Practice Set Up: Practice at Crisler was set up for the single main court, which left lots of space around the periphery. Michigan currently has 19 players in the program and a staff with 2 fulltime assistants, a volunteer assistant, an ops director, and a video coordinator. They also had a couple of student managers who were very active shagging, feeding balls to players and keeping things running efficiently. Music during the individual skill time prior to practice and through warm up was top forty/hip hop and played at significant volume. Once practice began it was lowered a bit but still present once discussion was over and reps started up. There wasn’t a major focus on real time video feedback, but assistant coach Sean Byron did use an Ipad periodically for this purpose. As was the case in most of my other visits, the practice plan was written out on a white board for everyone to see.
Opening Huddle: Practice began with a team huddle in which they went over some housekeeping issues for the weekend. I was very appreciative that Coach Mark took a second to introduce me to the group so that I wasn’t just the random guy in the gym watching practice! Following the housekeeping items, Coach Byron gave a short scouting quiz on their next opponent. It was clear that the expectation was that everyone had already done some video study and was prepared to answer questions on it. The last part of the pre-practice huddle was something that I thought was a fantastic culture builder. One of the players was called upon to share a philosophical idea with the team. I’m assuming this is something they do all the time with the responsibility to present rotated through the team. So often the performance philosophy stuff is only delivered by the coaching staff. Hearing it from a player was very impactful and you could see her teammates locked into her when she shared her thoughts!
Culture Note: The idea of individual ownership kept coming up throughout my visit. Whether it was being prepared to answer questions about the next opponent, having to present your own ideas about performance and success to the team, or their scouting and match prep style (more on this later), it is clear that the Michigan program is focused on creating players who think for themselves and take ownership of their performance and experience. I can’t tell you how much I admire this approach in a world rife with schools and teams that train their students and athletes like robots meant to memorize and regurgitate!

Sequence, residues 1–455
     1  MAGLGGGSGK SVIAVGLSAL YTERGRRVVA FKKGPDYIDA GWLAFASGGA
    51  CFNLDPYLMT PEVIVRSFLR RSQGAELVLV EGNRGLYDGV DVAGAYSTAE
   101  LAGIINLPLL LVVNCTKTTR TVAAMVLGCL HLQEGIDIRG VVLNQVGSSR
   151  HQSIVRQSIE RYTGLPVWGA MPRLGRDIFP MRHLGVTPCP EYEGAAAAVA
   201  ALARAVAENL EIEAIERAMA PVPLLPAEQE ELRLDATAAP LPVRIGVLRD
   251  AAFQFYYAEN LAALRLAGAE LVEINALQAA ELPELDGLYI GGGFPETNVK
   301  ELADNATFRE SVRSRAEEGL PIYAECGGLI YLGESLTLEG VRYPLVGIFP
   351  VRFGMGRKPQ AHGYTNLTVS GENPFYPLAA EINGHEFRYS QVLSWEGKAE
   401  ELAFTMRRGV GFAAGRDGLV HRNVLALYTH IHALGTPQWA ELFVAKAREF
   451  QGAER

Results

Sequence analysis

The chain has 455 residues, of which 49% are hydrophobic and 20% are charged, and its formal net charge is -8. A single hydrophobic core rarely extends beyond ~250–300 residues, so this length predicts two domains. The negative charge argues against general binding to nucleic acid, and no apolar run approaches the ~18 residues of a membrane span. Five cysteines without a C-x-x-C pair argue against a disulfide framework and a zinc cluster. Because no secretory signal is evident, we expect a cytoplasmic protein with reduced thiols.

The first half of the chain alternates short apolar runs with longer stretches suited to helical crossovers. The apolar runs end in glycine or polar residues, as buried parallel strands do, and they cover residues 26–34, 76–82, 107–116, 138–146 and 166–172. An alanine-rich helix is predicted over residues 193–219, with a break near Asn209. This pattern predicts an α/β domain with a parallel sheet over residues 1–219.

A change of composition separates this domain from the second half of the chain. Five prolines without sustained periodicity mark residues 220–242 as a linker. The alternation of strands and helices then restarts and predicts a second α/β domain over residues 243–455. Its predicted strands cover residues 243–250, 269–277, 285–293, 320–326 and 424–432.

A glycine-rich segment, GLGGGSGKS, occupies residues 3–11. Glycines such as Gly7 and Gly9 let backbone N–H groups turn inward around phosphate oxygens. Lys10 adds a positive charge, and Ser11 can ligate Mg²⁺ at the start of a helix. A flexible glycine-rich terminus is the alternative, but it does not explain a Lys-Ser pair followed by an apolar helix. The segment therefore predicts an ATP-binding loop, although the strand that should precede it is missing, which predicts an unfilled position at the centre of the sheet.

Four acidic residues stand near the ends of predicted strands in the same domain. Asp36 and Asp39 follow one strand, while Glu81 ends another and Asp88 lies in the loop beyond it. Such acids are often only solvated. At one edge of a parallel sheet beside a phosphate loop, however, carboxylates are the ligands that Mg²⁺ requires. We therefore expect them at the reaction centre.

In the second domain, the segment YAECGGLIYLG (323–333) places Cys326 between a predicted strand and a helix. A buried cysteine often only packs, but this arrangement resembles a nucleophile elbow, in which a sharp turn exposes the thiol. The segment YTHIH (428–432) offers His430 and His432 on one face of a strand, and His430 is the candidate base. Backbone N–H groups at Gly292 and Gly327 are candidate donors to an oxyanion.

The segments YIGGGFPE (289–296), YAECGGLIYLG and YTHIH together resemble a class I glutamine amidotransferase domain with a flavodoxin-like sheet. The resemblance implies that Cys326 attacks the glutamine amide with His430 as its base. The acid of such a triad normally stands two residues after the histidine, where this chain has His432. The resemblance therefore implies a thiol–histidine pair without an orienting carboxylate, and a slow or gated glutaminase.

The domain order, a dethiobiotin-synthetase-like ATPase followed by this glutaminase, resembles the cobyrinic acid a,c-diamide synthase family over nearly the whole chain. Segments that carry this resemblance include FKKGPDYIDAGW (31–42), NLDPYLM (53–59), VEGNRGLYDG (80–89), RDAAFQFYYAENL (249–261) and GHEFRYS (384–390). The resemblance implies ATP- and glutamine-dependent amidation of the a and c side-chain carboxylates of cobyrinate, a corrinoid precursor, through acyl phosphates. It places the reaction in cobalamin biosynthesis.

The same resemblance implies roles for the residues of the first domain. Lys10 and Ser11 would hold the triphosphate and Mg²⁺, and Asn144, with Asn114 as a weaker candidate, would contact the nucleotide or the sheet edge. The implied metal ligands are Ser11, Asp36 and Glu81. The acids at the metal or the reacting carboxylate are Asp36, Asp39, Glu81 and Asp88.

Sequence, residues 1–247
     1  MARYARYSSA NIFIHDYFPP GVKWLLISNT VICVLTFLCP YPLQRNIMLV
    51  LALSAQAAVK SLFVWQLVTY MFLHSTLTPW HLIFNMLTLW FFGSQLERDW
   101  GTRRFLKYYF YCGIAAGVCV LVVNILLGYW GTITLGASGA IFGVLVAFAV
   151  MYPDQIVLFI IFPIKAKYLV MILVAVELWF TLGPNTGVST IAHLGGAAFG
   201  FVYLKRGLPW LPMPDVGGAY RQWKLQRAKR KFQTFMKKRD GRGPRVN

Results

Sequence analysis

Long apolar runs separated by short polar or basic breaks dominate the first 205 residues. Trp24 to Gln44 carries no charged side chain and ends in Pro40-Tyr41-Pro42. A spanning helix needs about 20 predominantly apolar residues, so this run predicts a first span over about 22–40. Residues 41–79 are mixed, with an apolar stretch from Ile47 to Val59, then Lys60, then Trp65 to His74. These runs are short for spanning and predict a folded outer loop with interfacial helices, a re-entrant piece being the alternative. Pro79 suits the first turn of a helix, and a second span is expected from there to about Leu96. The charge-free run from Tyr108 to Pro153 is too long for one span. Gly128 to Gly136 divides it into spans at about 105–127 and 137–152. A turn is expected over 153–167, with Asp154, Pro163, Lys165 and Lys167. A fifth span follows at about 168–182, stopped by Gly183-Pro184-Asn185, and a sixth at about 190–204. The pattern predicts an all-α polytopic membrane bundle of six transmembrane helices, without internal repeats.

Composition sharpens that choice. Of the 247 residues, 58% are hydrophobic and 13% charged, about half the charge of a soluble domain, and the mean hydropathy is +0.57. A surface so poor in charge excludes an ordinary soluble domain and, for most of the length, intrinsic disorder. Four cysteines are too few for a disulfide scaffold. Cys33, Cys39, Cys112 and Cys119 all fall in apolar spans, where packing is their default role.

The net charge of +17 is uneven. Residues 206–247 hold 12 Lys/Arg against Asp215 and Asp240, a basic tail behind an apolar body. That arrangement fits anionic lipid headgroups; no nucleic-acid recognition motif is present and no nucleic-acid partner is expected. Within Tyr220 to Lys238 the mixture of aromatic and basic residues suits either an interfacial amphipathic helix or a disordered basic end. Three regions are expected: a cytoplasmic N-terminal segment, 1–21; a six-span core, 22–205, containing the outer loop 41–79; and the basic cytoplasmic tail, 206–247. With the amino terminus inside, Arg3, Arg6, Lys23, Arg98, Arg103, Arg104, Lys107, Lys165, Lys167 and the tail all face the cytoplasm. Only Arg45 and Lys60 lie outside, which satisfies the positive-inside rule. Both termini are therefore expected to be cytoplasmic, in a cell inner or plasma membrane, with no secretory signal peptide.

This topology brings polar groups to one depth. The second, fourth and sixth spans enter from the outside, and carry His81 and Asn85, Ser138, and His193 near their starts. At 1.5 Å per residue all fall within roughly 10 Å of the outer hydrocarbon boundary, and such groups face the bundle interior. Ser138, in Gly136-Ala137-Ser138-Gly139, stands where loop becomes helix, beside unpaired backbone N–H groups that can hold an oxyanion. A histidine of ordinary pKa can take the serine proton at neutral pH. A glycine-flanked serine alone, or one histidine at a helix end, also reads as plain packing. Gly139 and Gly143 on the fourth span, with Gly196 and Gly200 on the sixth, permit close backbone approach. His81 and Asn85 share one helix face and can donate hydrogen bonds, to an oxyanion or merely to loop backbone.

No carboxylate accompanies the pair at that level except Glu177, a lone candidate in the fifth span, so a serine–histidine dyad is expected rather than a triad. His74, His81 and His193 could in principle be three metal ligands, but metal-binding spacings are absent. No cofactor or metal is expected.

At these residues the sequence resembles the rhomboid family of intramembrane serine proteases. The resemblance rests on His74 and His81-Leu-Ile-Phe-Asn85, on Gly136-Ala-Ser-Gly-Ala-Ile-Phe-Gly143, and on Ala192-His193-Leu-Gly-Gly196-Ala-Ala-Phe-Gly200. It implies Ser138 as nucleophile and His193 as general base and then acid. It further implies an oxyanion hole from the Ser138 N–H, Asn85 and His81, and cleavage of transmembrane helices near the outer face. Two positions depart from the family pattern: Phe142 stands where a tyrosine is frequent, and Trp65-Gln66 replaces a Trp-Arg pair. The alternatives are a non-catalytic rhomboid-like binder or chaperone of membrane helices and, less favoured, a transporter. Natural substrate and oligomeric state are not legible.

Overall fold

Ball Control: The physical portion of the session began with a series of cooperative peppers. I chuckled to myself when the first of these was a group “figure 8” or “pass and follow” pepper that I use regularly in my gym that I have named “Michigan Pepper” after having seen it at camp there several years ago. Most every coach has done some variance of this basic straight-line pepper with two lines of players facing each other and you play the ball across to the next person up in the other line then follow across to the other side. The difference with the “Michigan” style of this drill is that they assign different touch patterns that the group must follow; i.e. (5 passes-2 sets or dig-set-swing) It really forces focus and communication in a drill that can sometimes get mindless if the players aren’t intentional about each touch. After several minutes of this, they ran standard 3 player pepper, rotating players every few minutes. I was surprised by how long (nearly 30 minutes) they spent on this, but clearly the ball control of every player is big point of emphasis and it’s paying dividends!
Personal Note: During this pepper time, I was introduced to and had the opportunity to talk shop with their strength and conditioning coach who was so welcoming and open with information about what they do in the weight room. After that, Coach Rosen introduced me to AVCA Hall of Fame coach Sandy Vong who was the original head coach when Michigan began its program back in the 70’s. What a treat to meet him and how neat is it that he’s in their gym all the time as a huge supporter of the program!
Position Work: After the ball control pepper time, they split out by position for some blocking and defensive work…
Defenders: Occupying some space off the back of the court, the passers began their reps with a between the legs drill. Coach Leisa and volunteer assistant Jerome Fraisse each had a line of players. They would enter a medium paced down ball at the player who had to line up her body so that the ball would pass between her feet. After that initial down ball, the coach then tipped one short so that the player had to explode forward to play the tip immediately after the down ball went between her feet. It was effective in getting the defenders to focus on getting their body in good position to play the ball rather than just reacting and reaching.